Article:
Earlier this month, Virginia Governor Ralph Northam cited racial equity as a primary reason for his support for the legalization of recreational marijuana. He stated that race does not play a role in the use of cannabis, but people of color are three times more likely to be arrested and convicted.
In early 2021, the governor plans on introducing legislation when the General Assembly reconvenes, and we will monitor how the bill is received. So far, the legislation faces pushback from Central Virginia Delegate Wendell Walker who has stated that he will not support the initiative and we hope that his opinion is not the norm.
With all due respect, Walker is clueless and is living in the past. Anyone who considers cannabis to be a gateway drug should get their head examined. If any substance is a gateway drug, it is alcohol. Clearly Walker has been hitting the bottle hard and is too drunk to be making sense.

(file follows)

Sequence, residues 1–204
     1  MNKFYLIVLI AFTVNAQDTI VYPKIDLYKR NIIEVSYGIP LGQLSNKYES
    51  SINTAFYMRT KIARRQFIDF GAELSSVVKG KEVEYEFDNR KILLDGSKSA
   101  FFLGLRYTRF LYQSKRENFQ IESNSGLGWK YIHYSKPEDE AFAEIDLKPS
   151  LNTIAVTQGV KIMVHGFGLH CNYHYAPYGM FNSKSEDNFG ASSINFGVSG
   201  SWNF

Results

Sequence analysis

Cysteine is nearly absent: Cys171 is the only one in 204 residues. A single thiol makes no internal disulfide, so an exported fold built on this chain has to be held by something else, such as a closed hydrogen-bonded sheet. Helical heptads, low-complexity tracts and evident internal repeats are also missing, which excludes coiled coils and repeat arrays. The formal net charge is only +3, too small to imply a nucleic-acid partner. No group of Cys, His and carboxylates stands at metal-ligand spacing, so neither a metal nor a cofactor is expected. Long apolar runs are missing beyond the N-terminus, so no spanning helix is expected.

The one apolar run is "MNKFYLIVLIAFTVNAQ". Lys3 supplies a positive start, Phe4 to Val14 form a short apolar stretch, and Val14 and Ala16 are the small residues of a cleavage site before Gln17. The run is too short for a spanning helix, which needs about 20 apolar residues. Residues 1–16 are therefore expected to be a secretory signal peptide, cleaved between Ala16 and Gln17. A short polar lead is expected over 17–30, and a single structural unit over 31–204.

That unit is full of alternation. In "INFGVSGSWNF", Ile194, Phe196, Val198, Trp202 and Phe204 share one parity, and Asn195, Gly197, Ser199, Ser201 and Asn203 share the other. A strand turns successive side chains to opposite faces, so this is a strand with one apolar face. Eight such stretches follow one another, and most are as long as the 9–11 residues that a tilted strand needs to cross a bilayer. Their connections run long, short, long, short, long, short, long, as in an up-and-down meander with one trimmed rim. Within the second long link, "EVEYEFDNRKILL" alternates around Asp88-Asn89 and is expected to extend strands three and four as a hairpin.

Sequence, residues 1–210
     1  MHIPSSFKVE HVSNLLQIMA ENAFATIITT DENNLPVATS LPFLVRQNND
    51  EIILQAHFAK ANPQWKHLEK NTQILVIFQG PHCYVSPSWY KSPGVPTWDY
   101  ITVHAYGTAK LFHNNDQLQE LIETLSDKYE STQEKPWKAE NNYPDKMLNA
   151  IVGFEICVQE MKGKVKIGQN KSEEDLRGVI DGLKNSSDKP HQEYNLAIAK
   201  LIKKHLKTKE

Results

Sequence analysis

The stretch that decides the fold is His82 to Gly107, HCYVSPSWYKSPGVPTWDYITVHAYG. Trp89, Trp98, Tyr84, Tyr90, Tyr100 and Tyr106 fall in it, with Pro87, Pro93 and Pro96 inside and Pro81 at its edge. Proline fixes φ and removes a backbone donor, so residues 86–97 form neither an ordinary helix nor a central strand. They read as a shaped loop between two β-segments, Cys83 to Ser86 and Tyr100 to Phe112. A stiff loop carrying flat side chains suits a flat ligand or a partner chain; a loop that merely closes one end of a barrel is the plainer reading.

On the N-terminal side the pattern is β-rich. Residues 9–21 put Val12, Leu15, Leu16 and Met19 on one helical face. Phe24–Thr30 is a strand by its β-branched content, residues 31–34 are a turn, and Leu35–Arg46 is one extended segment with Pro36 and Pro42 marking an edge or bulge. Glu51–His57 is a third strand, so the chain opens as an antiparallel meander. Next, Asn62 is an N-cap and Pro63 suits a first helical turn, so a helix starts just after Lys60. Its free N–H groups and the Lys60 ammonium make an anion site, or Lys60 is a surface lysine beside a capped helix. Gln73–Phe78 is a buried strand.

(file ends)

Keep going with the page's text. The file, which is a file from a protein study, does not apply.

You do not have to take our word for this. You only need to read his statement to understand how misconstrued his thought process is. Delegate Walker said, “This is another form of drugs that lead to harder drugs, which then lead to the destruction of life.”
Medical cannabis is legal in Virginia and the program is considered to be one of the most restrictive in the country. The state has been destroyed by the current economic climate and the COVID pandemic. Virginia clearly needs to find new revenue streams to support the economy and cannabis could be the answer.
Under current law, Virginia’s medical cannabis market is limited largely to processed products like concentrates and vape cartridges. Although we are bullish on these cannabis derivative products, they tend to cost more than cannabis flower, and this has reduced the amount of access that patients have.
We have seen how much tax revenue is being generated by states like Illinois and Nevada and know that any state could benefit from having a burgeoning stream of taxable income. Virginia needs to elect smarter delegates that are not living in the past in order to bring the state into the 21st century and we believe that it is a market to be aware of.